Israel trips continue despite strife

Despite reports of rocket fire in Tel Aviv less than two weeks before their trips were set to depart, 53 Dartmouth students ventured to Israel through cultural heritage birthright programs over winter break.

Chabad and Hillel facilitated trips through Mayanot Israel and Taglit-Israel Birthright, respectively.

Both are international organizations that provide funding for Jewish students between the ages of 18 and 26 to spend 10 days visiting various religious sites and cultural attractions in Israel, according to Rabbi Moshe Gray, who led the Chabad trip.

"It gives the students a very well-rounded taste of everything Israel has to provide, whether that's cultural, social or religious," Gray said.

The trips included visits to the cities of Tiberias, Tel Aviv, Jerusalem and Tzfat, an "ancient mystical city," as well as the Syrian and Lebanese borders, the Dead Sea, the Galilee region and the Nagev Desert, according to student participants.

Fifteen Dartmouth students participated in the Hillel trip, which was carried out in partnership with Union College, according to trip participant Amanda Zieselman '15. Thirty-eight students traveled with the Chabad's Mayanot Israel trip, a jump from its normal turnout of 10 to 15 applicants. Gray said the spike may stem from the earlier start of winter break, Gray said.

Security concerns in the wake of the November conflict with Hamas in Gaza caused several students to rethink their decision to participate, according to Gray.

Four students dropped out of the Chabad program, he said, and three students dropped out of the Hillel trip, according to Zieselman.

Ali Essey '13 said she decided to take part in the Chabad trip after much deliberation and consideration of the recent violence.

"The political situation in Israel is always a little bit volatile, so it always feels like there's some risk involved," she said.

Despite the political tensions, the participants did not encounter any difficulties and were not subject to additional security measures, according to Gray. Each trip is accompanied by an armed security guard, a physician and an official tour guide who remains constantly in contact with the Israel Ministry of Tourism's 24-hour security team, he said.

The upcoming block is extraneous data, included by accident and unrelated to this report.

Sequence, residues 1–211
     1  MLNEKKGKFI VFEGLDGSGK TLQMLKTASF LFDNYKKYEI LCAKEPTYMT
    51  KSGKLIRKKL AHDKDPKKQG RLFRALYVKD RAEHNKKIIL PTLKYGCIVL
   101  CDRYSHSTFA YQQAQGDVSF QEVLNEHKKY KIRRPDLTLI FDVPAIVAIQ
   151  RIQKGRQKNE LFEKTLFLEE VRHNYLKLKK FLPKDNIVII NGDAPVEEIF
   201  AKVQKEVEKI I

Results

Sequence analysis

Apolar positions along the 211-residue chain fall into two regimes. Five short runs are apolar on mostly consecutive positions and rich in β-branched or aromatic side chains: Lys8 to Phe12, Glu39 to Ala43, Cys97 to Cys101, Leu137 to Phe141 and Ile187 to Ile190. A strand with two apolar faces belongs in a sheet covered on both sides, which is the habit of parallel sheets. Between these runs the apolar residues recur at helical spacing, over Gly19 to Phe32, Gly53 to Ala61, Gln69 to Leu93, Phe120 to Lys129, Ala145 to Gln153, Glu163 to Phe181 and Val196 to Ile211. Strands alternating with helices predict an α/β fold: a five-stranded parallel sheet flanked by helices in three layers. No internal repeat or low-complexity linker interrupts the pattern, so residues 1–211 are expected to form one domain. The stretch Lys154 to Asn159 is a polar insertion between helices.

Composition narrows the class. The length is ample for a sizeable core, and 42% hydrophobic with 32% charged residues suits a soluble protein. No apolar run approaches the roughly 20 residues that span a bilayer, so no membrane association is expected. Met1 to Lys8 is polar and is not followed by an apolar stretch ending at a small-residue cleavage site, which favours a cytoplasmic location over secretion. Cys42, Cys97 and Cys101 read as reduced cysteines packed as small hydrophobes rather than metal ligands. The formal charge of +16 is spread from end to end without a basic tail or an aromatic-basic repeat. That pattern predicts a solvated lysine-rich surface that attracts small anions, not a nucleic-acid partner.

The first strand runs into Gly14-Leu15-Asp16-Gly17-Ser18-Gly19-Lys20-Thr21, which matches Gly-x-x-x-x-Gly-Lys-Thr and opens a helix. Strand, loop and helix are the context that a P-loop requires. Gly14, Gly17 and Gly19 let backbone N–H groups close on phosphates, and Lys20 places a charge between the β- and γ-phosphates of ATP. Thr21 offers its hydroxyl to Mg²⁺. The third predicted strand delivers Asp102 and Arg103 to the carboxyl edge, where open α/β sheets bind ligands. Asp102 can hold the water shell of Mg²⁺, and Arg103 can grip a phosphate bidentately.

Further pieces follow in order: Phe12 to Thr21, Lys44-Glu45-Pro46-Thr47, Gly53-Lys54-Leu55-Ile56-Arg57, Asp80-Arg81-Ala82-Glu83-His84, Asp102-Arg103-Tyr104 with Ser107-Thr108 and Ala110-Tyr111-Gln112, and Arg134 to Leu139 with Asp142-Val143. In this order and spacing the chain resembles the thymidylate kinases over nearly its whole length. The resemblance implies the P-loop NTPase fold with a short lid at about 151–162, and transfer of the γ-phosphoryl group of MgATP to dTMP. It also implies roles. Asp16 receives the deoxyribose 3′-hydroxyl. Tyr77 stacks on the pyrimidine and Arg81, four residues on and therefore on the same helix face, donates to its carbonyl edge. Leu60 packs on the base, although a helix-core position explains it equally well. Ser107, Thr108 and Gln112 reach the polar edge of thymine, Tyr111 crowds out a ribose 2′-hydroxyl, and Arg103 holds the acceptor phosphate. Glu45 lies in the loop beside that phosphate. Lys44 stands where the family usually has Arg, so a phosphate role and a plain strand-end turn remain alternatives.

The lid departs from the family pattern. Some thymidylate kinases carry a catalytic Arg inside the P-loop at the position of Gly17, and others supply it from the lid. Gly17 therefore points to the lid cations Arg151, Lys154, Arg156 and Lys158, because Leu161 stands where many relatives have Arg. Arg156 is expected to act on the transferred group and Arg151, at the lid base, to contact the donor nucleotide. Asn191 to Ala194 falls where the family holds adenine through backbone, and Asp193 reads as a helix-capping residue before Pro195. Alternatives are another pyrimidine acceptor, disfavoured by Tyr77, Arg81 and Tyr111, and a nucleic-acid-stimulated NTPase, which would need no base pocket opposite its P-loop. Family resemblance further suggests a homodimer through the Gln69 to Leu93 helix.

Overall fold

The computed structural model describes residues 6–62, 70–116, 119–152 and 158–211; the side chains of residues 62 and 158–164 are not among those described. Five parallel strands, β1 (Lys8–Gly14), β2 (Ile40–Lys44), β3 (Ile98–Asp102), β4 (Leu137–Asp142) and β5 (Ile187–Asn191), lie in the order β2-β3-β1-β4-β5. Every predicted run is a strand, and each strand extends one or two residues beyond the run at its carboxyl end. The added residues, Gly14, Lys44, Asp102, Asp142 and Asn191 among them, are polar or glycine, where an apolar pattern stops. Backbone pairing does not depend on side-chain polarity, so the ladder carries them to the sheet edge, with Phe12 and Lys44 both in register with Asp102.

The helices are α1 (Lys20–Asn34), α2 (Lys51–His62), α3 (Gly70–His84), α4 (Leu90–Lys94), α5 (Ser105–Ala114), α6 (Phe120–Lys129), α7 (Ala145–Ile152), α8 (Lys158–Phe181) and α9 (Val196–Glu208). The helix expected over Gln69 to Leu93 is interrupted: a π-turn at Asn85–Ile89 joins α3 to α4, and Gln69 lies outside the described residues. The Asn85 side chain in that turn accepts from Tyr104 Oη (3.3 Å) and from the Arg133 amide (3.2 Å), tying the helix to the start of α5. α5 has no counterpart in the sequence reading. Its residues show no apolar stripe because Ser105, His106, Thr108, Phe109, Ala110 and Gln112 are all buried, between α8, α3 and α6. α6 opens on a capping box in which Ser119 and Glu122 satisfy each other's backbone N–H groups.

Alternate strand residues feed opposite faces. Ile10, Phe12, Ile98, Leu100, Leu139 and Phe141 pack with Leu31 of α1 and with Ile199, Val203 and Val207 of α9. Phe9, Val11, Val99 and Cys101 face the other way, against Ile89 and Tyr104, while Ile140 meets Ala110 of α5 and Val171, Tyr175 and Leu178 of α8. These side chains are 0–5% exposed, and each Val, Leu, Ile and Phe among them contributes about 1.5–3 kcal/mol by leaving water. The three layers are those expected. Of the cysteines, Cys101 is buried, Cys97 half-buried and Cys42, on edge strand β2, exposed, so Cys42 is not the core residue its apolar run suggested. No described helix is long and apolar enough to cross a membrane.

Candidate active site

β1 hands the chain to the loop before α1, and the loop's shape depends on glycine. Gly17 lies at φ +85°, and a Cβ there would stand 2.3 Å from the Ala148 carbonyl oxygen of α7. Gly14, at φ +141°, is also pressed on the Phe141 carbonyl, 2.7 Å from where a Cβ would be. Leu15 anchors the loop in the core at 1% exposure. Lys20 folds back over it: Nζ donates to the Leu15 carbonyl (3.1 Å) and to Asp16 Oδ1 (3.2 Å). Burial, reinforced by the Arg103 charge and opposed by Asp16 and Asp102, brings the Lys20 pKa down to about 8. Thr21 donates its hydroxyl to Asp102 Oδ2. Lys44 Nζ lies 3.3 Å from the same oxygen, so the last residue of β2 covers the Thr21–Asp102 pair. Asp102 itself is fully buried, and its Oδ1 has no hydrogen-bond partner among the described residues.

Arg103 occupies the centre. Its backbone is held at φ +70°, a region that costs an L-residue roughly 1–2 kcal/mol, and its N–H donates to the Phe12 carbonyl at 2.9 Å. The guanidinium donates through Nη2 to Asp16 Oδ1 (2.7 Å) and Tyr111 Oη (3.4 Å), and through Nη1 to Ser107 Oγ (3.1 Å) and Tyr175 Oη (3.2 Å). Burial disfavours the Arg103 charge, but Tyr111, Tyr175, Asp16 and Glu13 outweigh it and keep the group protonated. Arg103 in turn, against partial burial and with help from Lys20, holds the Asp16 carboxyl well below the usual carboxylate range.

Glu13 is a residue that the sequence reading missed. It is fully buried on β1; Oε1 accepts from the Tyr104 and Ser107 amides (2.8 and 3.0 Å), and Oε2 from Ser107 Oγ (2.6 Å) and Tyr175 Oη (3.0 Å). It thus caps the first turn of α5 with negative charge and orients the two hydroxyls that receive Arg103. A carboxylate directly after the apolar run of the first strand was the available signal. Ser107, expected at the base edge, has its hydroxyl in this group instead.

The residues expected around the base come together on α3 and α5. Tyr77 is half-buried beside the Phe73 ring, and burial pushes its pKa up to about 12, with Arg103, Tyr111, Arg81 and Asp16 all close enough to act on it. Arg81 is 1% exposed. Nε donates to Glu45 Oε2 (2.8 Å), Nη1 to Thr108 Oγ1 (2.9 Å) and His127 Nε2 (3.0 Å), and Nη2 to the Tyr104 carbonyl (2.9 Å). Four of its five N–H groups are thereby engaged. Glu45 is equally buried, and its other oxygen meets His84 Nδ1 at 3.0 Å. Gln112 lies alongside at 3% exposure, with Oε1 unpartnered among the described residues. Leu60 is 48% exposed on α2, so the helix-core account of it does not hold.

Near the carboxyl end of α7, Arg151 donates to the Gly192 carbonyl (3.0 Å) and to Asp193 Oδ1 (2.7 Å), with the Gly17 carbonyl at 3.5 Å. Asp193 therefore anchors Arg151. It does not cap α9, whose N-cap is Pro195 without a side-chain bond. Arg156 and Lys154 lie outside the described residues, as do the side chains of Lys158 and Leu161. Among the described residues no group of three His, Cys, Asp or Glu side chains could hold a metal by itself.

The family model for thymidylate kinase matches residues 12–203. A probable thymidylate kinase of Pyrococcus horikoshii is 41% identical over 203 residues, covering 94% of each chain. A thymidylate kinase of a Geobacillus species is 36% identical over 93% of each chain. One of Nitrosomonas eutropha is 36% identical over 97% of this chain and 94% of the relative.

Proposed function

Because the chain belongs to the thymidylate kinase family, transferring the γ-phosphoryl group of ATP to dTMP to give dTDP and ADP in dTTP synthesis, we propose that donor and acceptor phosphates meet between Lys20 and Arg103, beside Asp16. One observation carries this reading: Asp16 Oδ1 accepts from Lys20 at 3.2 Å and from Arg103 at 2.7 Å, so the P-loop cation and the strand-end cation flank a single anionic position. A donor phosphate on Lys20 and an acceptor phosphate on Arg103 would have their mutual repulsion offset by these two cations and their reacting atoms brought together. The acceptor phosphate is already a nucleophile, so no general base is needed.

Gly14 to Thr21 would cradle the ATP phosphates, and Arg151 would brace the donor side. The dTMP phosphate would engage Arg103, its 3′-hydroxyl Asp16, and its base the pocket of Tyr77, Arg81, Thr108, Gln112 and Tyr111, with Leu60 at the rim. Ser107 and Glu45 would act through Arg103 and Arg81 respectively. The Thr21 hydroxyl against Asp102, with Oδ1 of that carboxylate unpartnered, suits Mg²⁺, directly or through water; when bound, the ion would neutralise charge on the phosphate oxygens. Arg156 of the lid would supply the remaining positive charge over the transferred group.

"It's a hard sell to parents and administrators, but ultimately 38 sets of parents felt comfortable enough to allow their students to go," Gray said.

Because the trips are run through Taglit-Birthright Israel and Mayanot Israel, they do not need to be approved by the College administration, Gray said.

Students on the trip said that they enjoyed the authentic experience of Israeli culture.

"I think I learned a lot about the people there and got a taste for the country as a whole," Nicholas Parillo '15 said in an email to The Dartmouth.

Esty Yanco '13, a student leader for the Chabad trip, has been to Israel five times, but said that traveling to the country with other Dartmouth students made it a more meaningful experience for her.

"Most trips are groups who don't know each other, and after the trip is over you all go your separate ways," she said. "When you go with 40 Dartmouth students who all have something in common, when I can walk into the dining hall and see them and have something to share it's something else."

While planning and logistical work for the trips are carried out by approved "provider organizations," Taglit-Birthright Israel and Mayanot Israel both provide full funding to every student selected to go on the trips, according to Yanco.

This funding comes from private donors, the state of Israel and Jewish communities around the world, she said. The trips are open all Jewish students, according to the trip providers' websites.

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